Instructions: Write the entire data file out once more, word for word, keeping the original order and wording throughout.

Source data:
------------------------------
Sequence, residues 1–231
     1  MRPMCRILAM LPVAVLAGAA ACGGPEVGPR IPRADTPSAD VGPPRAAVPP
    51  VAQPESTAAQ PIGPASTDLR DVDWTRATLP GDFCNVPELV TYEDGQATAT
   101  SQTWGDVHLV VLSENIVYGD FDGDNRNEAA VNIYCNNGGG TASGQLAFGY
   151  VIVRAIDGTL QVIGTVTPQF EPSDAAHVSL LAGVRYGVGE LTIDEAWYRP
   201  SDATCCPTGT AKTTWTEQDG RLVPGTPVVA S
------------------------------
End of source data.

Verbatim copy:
Sequence, residues 1–231
     1  MRPMCRILAM LPVAVLAGAA ACGGPEVGPR IPRADTPSAD VGPPRAAVPP
    51  VAQPESTAAQ PIGPASTDLR DVDWTRATLP GDFCNVPELV TYEDGQATAT
   101  SQTWGDVHLV VLSENIVYGD FDGDNRNEAA VNIYCNNGGG TASGQLAFGY
   151  VIVRAIDGTL QVIGTVTPQF EPSDAAHVSL LAGVRYGVGE LTIDEAWYRP
   201  SDATCCPTGT AKTTWTEQDG RLVPGTPVVA S